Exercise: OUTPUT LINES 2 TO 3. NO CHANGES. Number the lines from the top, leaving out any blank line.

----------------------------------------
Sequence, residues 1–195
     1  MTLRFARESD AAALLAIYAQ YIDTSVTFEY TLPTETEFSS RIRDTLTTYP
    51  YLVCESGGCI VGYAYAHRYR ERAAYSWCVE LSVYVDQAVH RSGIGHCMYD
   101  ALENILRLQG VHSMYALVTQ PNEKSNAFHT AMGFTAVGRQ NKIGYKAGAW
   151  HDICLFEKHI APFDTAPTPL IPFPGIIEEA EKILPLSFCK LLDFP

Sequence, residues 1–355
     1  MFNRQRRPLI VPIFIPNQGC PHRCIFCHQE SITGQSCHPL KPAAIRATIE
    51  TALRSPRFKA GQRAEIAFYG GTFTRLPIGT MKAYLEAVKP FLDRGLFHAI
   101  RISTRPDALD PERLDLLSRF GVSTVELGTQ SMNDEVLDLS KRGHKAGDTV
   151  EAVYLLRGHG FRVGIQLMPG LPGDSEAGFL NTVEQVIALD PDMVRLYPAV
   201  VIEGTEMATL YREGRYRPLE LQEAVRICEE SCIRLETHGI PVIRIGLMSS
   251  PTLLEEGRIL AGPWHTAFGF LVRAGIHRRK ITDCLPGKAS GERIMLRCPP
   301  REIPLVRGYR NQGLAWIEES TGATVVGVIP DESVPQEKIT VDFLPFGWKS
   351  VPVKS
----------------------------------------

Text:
     1  MTLRFARESD AAALLAIYAQ YIDTSVTFEY TLPTETEFSS RIRDTLTTYP
    51  YLVCESGGCI VGYAYAHRYR ERAAYSWCVE LSVYVDQAVH RSGIGHCMYD